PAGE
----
Convenience Store Woman is narrated by Keiko Furukara and right from the start it’s clear that she’s a little bit odd and doesn’t fit in, but Keiko is frequently as baffled by other people as they are by her. At times Keiko is hard to relate to as she questions her humanity and there are moments when her lack of empathy and violent impulses add a sinister edge to the story.
As a university student Keiko takes a part-time job in a convenience store, where she finds a reassuring sense of routine, predictability and purpose, and she finally starts to feel like an ordinary, productive member of society. Eighteen years later, at the age of 36, Keiko is single, childless and still working part-time at the convenience store, and feeling pressure to conform as she realises that concerned family members and peers view her with a combination of curiosity and pity because they can’t imagine how she could be content when she’s deviated from the path of career, marriage and children that everyone else followed.
Then, into Keiko’s orderly and predictable workplace, comes a new employee, Shiraha, a mid-30s slacker with a victim mentality who looks down on both the work and the other workers, but who is on the hunt for a marriage partner to support him. Shiraha is an interesting foil for Keiko, and he becomes the catalyst that pushes Keiko to choose between pretending to be normal and conforming to social expectations, or accepting herself for who she is and doing what makes her happy.
Convenience Store Woman is a short book and easy to read, but also a thought-provoking and powerful exploration of self-acceptance, conformity and societal pressure. Have a lovely week! X
Winter often seems like the longest season in our part of the world, and it always feels like such a relief to see leaves on the trees again, and tulips and daffodils in full bloom in April. The Easter Bank Holiday coincided with a spell of warm, sunny weather and we’ve spent most of our long weekend in the garden. April is always a busy time of year in the garden, heralding a period of growth and change, but we’ve also enjoyed just sitting out in the sunshine taking it all in and anticipating the growing season ahead.
As much as I enjoy visiting public gardens and flower shows, I often find more inspiration from my fellow garden bloggers and I love seeing real gardens with washing lines, water butts and compost bins, as these are all signs of use and life often missing from landscaped and designed gardens. Our washing line cuts across the garden, and I’m hoping that when our garden is more established it will be less obvious, but in the meantime I’ve create little miniature flowerbeds around the base of the poles. I’ve planted tete-a-tete daffodils that I bought reduced at a local garden center in them, and I’m also hoping to train sweet peas up the trellis.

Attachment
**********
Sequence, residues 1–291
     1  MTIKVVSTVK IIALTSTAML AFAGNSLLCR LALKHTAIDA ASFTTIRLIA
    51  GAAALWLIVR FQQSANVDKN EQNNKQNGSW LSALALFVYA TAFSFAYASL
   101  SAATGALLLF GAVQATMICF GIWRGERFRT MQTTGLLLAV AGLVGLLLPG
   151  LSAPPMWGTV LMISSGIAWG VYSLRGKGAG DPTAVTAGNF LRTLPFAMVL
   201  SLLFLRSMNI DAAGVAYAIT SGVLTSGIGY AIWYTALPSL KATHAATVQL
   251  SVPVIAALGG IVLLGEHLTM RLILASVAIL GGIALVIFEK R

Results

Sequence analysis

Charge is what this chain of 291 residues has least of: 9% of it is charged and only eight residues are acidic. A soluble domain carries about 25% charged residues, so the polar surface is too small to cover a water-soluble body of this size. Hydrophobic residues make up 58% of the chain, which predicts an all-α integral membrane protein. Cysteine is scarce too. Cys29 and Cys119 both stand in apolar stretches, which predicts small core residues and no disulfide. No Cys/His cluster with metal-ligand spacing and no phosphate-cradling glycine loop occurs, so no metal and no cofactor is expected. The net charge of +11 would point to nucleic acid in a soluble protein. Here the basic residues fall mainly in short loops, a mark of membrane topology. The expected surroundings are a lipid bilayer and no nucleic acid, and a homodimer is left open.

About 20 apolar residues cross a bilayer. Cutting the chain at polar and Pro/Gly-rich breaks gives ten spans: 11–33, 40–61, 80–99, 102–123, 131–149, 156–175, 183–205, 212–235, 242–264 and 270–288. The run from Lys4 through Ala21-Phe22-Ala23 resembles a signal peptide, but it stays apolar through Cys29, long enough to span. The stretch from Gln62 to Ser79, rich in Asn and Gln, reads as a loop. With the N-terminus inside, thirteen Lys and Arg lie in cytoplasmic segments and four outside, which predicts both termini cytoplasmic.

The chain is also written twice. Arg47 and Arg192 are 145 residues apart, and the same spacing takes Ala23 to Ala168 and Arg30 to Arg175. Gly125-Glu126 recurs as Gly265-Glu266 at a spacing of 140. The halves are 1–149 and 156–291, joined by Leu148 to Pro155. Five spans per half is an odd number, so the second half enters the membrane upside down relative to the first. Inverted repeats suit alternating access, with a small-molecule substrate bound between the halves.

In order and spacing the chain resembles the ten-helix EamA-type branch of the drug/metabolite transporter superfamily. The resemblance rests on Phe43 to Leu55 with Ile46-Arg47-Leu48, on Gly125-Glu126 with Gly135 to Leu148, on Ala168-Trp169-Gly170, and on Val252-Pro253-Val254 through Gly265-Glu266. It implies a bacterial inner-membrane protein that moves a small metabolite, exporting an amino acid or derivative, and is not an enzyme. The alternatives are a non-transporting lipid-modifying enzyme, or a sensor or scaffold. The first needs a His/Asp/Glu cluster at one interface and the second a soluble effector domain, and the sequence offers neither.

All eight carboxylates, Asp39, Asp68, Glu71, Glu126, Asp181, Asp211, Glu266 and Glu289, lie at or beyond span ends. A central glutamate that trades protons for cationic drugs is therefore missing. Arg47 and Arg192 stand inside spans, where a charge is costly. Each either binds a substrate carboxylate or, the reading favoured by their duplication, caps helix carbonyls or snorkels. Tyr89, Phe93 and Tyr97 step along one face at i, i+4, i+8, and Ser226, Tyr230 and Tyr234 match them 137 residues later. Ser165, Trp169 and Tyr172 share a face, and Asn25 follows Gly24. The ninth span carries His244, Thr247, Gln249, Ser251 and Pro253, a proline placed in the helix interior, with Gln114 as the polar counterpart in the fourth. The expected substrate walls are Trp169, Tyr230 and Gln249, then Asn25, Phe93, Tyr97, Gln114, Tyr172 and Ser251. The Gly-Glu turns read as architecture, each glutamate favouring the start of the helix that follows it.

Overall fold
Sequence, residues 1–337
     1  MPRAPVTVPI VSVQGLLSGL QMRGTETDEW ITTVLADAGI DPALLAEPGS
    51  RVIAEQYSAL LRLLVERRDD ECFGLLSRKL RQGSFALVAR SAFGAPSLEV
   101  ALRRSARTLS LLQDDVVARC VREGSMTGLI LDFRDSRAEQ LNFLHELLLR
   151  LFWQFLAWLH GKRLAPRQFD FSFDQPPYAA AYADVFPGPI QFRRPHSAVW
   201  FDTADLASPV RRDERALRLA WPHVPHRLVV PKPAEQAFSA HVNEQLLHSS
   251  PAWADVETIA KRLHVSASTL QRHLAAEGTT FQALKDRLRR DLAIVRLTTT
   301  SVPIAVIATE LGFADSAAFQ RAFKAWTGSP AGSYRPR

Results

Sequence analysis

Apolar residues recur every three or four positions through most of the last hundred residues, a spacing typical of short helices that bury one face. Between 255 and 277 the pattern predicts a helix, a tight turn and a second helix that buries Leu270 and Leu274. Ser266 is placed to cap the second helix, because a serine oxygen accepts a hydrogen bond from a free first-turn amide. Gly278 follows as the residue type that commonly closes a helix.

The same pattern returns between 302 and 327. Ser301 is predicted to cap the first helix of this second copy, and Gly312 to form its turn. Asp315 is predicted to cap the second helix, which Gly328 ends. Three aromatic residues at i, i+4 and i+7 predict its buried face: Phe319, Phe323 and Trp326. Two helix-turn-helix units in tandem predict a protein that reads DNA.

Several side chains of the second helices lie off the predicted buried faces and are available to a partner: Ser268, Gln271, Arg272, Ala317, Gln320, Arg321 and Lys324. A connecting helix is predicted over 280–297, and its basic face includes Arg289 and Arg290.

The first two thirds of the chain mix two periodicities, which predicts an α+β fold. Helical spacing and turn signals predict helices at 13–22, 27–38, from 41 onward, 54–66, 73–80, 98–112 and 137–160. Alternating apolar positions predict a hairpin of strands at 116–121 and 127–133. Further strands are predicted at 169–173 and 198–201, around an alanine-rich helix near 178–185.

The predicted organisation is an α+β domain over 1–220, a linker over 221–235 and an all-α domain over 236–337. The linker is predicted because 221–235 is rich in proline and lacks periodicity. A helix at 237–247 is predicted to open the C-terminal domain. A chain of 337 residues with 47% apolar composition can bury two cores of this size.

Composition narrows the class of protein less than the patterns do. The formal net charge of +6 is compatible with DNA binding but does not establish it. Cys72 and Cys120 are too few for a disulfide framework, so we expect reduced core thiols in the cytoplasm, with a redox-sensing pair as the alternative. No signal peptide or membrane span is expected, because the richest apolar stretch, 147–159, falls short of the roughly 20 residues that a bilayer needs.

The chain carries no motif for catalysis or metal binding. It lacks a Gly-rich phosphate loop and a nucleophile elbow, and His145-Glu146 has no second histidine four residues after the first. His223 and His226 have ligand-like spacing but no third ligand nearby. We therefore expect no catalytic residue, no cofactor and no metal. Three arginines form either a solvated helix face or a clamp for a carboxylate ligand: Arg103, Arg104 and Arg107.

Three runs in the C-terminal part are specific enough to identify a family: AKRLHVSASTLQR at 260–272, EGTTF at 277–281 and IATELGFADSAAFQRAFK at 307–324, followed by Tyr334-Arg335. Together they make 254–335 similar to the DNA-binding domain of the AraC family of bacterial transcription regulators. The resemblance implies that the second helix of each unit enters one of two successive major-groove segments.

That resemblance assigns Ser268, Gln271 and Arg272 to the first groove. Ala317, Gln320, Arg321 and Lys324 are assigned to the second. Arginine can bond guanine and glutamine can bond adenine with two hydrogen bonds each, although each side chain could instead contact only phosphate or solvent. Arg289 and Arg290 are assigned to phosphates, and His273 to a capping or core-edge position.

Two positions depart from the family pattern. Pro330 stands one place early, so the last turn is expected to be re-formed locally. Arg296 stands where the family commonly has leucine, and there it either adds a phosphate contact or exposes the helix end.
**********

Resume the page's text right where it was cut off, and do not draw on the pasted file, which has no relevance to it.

Fed up battling against the challenging conditions in the border under the hedge, we decided to move part of the L-shaped flowerbed turning it into a T-shape, it’s still in full-sun but plants won’t have to compete with the hedge roots now, and as a bonus we can trim the hedge without all the branches and leaves falling on the bed below.
Our garden will never win any awards, but it’s an eclectic patchwork of our experiments and whimsies, and it brings us an enormous amount of pleasure and fulfillment. Happy Easter and have a lovely week! X
I haven’t had much time to read or blog over the last few months as real life events (including caring for a family member and adjusting to a new role at work) have taken up most of my time and attention, but I’ve missed reading and I’ve always found something incredibly comforting about slipping into a story whenever real life feels overwhelming.
One of the best books I read last year was The Invisible Library (reviewed here), and the sequel picks up just a few months after the events in the first book as the resourceful and self-deprecating librarian, Irene, is caught up once again in the eternal battle between chaos and order when her assistant Kai is kidnapped. In The Masked City Irene races to rescue Kai and prevent a war between the fae and dragons that could destroy countless innocent worlds caught between them.
I really love the locations in these stories, and while the first book was set in a Victorian London with werewolves and other supernatural elements, the sequel mostly takes place in renaissance Venice. I also really appreciated the reversal of the damsel saving the prince for a change, but I missed the interplay between the characters who were separated for most of the story, and the villains just weren’t quite as dynamic or threatening as Alberich.
Although I didn’t enjoy this quite as much as the first book, these stories are so easy to read with a perfect blend of humour, action and suspense that I’m eager to see how the series develops. Have a lovely week! X
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